Big Data Analytics for Online Retail: A Must-Have for Success

These days the capabilities for processing and analyzing big data are not just high tech luxury for large companies – online retailers of all sizes can take advantage of big data insights due to many cost-effective options both for on-premises and in the cloud. “Big data” doesn’t simply mean large volumes of data – it’s more about data that is difficult to process and analyze through traditional methods. All businesses potentially have “big data” in one form or another that could yield significant or even game-changing insight. The starting point for any company is developing a strategy and the right questions that can be answered by big data analysis.

Online retailers can use big data analytics to understand more about customer shopping and purchasing behaviors. Insights can tie behaviors to marketing and merchandising to determine which programs are most effective for particular customer segments. Product catalogs can be refined and special offers can be made more effective. Having a clear view of what is selling and what isn’t – in real-time – can greatly improve inventory management and supply chain agility. Online retailers want to increase interaction with customers to strengthen engagement and memorable experiences. The result should be more successful sales from overall customer visits to the website by delivering the product the customer wants when they want it and at the right price.
Big data analytics can greatly enhance personalization of products and information provided by the online retailer. Web content delivered to a particular customer can be tailored to preferences and shopping behaviors compiled from previous visits, and promotions can be served up that are more likely to match customer needs. Analytics can take online retailers much closer to realizing one-to-one marketing in ways that will engage customers, actually enabling customized experiences on a large scale.

Recommendations and association rules are other benefits of big data mining and analytics. When a customer selects certain items, recommendations can be made for other items based on the patterns of buying for similar customers, and / or based on previous buying behaviors of the customer. Association rule learning focuses on which products are usually purchased together, based in part on shopping cart analysis. Using analytics to determine the relationships between certain products that map to purchasing patterns can help create better processes for ordering and stocking such products.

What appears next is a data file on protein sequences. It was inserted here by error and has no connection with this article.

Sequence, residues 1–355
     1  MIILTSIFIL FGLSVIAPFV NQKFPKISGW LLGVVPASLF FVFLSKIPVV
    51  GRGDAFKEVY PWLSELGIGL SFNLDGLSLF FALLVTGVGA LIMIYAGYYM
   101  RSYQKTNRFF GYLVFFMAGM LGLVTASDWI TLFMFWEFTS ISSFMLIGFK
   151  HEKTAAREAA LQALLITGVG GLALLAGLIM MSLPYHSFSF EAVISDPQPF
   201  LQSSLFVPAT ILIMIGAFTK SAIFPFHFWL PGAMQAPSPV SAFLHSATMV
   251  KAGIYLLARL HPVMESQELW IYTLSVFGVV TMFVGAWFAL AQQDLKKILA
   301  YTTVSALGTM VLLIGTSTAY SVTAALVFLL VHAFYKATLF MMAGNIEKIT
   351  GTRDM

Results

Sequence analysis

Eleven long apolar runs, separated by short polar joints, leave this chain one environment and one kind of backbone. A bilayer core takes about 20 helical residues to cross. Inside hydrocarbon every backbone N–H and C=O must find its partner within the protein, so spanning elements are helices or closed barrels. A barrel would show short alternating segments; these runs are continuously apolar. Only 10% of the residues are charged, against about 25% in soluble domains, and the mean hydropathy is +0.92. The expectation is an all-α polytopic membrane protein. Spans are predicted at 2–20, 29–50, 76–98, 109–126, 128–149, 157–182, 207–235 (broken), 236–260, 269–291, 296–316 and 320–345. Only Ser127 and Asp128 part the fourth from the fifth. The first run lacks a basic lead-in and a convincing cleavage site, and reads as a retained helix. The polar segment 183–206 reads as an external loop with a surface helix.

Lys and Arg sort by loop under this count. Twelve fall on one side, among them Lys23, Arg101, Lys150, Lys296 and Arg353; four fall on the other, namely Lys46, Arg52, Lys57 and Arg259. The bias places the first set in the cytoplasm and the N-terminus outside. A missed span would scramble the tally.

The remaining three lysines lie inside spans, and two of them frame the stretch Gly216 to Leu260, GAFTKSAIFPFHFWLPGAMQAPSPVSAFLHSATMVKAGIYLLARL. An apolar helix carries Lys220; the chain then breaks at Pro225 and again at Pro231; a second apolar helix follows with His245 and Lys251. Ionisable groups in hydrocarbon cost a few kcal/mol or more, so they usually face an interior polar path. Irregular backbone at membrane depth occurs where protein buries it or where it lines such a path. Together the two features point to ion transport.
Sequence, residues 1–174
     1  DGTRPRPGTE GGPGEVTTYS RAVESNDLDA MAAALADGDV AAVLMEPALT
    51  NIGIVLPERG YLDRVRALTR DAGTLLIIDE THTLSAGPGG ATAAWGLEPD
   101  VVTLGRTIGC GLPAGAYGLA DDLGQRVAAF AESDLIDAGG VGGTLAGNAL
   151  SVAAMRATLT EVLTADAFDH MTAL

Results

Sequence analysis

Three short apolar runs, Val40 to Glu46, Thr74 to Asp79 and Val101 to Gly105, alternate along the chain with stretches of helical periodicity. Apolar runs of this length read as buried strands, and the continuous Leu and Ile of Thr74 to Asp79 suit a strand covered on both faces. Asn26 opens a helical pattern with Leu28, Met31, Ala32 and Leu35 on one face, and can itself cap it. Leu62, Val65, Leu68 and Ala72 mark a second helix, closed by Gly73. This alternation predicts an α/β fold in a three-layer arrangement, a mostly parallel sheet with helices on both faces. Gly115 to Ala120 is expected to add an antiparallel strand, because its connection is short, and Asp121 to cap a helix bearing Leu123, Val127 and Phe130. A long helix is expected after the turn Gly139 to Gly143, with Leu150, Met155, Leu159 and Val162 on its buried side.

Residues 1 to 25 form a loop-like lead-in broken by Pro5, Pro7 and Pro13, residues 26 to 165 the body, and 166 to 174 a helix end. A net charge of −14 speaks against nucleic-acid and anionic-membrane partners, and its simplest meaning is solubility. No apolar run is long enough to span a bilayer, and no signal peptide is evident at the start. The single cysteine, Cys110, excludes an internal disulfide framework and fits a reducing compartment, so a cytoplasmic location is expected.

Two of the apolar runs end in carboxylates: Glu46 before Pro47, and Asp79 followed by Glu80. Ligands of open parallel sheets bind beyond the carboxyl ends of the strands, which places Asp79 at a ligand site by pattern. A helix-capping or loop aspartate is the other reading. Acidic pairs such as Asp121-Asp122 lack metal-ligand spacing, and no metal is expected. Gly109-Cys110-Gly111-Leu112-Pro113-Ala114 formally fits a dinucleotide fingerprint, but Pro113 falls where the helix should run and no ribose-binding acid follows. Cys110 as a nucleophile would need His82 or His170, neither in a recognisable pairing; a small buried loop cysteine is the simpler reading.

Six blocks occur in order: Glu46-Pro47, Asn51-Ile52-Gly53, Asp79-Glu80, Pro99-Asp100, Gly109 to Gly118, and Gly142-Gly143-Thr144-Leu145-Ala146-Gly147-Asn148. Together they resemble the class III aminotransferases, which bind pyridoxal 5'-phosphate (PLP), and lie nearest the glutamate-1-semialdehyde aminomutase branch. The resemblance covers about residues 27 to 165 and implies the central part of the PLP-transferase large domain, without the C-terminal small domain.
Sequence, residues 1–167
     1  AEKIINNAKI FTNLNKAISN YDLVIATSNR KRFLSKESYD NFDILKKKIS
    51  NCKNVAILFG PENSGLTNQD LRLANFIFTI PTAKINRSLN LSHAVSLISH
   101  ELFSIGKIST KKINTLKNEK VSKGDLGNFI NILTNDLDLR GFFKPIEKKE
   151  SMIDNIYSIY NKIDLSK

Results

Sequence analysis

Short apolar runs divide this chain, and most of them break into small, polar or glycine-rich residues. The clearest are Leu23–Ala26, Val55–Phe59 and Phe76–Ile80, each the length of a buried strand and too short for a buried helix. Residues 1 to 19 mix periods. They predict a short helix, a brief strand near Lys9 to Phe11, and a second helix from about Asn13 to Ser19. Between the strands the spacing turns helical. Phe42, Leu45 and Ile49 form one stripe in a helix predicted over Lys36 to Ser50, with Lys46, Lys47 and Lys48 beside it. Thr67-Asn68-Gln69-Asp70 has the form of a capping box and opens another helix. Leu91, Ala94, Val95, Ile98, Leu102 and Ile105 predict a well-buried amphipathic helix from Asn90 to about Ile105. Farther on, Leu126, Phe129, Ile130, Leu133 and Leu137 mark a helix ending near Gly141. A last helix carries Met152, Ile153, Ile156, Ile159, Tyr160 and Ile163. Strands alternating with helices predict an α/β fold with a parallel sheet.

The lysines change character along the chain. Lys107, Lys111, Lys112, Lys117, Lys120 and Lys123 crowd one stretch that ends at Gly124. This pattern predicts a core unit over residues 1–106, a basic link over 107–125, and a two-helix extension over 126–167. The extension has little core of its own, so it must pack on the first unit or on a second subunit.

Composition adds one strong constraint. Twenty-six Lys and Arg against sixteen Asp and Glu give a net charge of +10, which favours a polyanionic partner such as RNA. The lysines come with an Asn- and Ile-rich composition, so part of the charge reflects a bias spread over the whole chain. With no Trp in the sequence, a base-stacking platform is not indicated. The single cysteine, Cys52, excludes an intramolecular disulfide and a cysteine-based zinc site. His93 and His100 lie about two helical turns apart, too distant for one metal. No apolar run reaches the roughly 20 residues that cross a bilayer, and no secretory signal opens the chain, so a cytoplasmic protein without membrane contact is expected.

Predictive analytics are becoming mission-critical for online retailers. Beyond determining customer behavioral patterns, predictive analytics are needed to identify future trends and events, to determine new customer types and new products, and even to take a look at new business models. Supply chain, inventory management, and revenue outlooks are also areas that can benefit from predictive analytics. Initiatives to leverage big data through various analytics can make use of technology tools to continuously explore, test and refine different ideas, or search for focused answers that can help with business agility and competitiveness.

Real-time analytics for online retail do provide much needed insight, but such analytics processes do not take place in a vacuum. When analytics are running in the background in response to customer interactions on the online retailer’s website, website performance comes into question. It is essential to coordinate analytics process performance with website optimization. The best personalization and recommendations results will be meaningless if speedy web page loading is compromised. Most customers will abandon any online site that is slow to load and refresh, which obviously will result in a negative shopping experience. Shopping cart analytics cannot be performed if there’s nothing in the cart.

About Julie Hunt

Julie is an accomplished consultant and analyst for B2B software solutions, providing services to vendors to improve strategies for customers, target markets, solutions, vendor landscape, and future direction. For buyers of software, she helps companies make purchase decisions for software by working from a business-technology strategy. Julie has the unique perspective of a software industry “hybrid”: extensive experience in the technology, business, and customer-oriented aspects of creating, marketing and selling software. She has worked in the B2B software industry on the vendor side for more than 25 years in roles from the very technical (developer, SE, solutions consultant) to advisory roles for developing strategies for products, markets and customers, and go-to-market initiatives. Julie is an accomplished consultant and analyst for B2B software solutions, providing services to vendors to improve strategies for customers, target markets, solutions, vendor landscape, and future direction. For buyers of software, she helps companies make purchase decisions for software by working from a business-technology strategy. Julie has the unique perspective of a software industry “hybrid”: extensive experience in the technology, business, and customer-oriented aspects of creating, marketing and selling software. She has worked in the B2B software industry on the vendor side for more than 25 years in roles from the very technical (developer, SE, solutions consultant) to advisory roles for developing strategies for products, markets and customers, and go-to-market initiatives.

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